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Power outage numbers shrink, but workload remains the same

CHARELSTON, W.Va. — Thursday marks two weeks since the first of two devastating ice storms caused the first power outages across a six county region of West Virginia. A few of Appalachian Power’s customers who lost power in the early morning hours of February 11th remained out on Wednesday. Company spokesman Phil Moye admitted full restoration may not happen until late Friday.

“We expect to have most customers back in by Friday night and that is certainly longer than we want to be working a storm restoration and I know it’s longer than people want to be out of power, but that’s just a realistic look,” he said in an interview on the situation on MetroNews Talkline Wednesday.


Moye said the repairs which impacted the highest number of customers at one time are completed, but there are still hundreds of smaller repairs left on the company’s “to do” list–and each of those will only restore service to 10 or few customers.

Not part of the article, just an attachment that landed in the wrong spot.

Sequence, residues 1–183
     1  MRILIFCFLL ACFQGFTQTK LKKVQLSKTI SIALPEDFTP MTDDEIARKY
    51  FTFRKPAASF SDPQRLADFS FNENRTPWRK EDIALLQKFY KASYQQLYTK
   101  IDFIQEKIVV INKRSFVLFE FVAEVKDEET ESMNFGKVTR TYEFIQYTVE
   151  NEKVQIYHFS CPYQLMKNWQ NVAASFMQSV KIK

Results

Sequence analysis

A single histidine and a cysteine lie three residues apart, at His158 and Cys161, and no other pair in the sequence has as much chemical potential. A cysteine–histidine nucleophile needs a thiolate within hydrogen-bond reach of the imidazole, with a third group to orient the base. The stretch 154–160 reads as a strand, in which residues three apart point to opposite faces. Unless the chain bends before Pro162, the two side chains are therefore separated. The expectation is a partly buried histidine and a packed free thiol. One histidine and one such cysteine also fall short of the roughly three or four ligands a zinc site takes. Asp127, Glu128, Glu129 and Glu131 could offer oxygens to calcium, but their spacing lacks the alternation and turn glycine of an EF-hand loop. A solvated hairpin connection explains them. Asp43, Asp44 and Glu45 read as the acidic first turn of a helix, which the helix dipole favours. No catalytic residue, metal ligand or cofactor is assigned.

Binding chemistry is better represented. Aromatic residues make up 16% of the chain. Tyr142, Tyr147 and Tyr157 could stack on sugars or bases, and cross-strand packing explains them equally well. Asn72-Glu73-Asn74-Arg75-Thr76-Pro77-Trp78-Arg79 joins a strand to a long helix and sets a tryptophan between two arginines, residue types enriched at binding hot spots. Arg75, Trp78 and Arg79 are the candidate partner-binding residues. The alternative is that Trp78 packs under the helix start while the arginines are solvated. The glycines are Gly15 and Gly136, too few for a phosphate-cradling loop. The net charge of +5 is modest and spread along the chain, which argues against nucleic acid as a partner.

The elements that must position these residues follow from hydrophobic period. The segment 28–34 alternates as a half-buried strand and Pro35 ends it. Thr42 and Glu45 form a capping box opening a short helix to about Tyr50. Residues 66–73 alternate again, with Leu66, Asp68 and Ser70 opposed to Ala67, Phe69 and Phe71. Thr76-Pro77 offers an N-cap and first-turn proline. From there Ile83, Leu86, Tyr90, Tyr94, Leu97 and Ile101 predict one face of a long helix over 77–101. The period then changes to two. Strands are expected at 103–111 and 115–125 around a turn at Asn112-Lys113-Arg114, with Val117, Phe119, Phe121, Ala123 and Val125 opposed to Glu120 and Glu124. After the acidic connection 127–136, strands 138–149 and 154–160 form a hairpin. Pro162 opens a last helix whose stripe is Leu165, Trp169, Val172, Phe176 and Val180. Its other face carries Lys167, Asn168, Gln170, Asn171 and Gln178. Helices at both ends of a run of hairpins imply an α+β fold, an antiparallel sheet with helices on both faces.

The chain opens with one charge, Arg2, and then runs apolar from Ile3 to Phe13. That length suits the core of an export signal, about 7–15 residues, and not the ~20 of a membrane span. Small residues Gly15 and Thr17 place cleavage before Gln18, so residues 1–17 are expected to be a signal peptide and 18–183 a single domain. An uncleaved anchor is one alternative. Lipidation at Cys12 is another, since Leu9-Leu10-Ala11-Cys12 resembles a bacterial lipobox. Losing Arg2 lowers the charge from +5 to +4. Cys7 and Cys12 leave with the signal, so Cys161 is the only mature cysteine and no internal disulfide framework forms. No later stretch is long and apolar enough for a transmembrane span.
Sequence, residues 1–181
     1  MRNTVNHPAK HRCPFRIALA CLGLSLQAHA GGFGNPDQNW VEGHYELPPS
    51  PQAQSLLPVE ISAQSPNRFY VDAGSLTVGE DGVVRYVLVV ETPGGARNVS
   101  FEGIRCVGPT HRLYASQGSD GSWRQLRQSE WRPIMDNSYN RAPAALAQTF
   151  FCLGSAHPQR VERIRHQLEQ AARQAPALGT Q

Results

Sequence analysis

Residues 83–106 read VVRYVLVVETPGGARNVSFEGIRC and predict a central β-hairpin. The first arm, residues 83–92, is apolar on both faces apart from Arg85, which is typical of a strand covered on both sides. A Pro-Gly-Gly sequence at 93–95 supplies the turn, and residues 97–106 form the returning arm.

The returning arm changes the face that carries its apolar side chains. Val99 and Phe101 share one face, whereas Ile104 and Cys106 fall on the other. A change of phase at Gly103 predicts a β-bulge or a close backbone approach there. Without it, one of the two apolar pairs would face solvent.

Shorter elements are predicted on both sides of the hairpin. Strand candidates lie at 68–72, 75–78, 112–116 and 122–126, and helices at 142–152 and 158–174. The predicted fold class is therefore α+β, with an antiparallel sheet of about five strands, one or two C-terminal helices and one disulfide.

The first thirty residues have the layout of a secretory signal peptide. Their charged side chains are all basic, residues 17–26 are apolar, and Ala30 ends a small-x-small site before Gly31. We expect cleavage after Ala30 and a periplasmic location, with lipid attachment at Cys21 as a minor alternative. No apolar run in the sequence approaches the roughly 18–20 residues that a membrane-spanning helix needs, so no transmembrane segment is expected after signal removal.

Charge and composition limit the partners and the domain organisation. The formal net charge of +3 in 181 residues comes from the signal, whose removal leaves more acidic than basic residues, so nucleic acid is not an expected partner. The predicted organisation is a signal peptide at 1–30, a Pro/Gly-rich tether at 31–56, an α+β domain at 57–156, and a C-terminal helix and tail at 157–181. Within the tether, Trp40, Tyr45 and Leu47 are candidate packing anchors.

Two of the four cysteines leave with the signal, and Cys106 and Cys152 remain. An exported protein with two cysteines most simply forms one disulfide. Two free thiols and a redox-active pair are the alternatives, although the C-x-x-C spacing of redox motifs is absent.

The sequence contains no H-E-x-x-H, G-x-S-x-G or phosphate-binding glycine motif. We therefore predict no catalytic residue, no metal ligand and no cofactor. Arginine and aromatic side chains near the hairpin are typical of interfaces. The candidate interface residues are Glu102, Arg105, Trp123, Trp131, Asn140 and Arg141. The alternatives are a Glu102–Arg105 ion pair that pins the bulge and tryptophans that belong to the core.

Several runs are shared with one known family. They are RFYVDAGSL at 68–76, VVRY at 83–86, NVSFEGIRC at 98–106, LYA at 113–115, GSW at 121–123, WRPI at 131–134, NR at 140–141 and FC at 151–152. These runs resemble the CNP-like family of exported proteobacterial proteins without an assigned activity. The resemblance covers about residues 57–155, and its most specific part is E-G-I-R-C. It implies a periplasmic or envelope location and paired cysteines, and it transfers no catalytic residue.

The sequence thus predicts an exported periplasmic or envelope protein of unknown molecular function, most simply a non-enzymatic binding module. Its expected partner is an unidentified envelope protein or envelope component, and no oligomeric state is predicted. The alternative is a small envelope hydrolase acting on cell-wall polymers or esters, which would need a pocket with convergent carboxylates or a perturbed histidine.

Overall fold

“The damage in a lot of those cases tends to be less severe than eight or nine broken poles in a row. There’s a lot of work still ahead of us, but most of the customers affected by this storm are back in service and we’re concentrating the effort on folks who are still out,” he explained.

The company reported around 13,000 outages as of noon on Wednesday and some who had seen the power back on for the first time in almost two weeks were heart sick to have it go out again only a few hours later. The National Weather Service issued a wind advisory for the same counties which endured the ice storms until 6 p.m. Wednesday. Moye acknowledged the winds could impact a lot of the ice damaged trees which are left in a weakened condition, but said it was a bigger issue for the safety of employees working in an aerial bucket truck.

Although the end certainly appears near, the full compliment of line repair crews from all across the country are still on the job.

“Everyone whose come in to help with the storm restoration effort is still here, and we expect they’re going to stay here through the restoration effort and see it through with us until we get it done,” said Moye.

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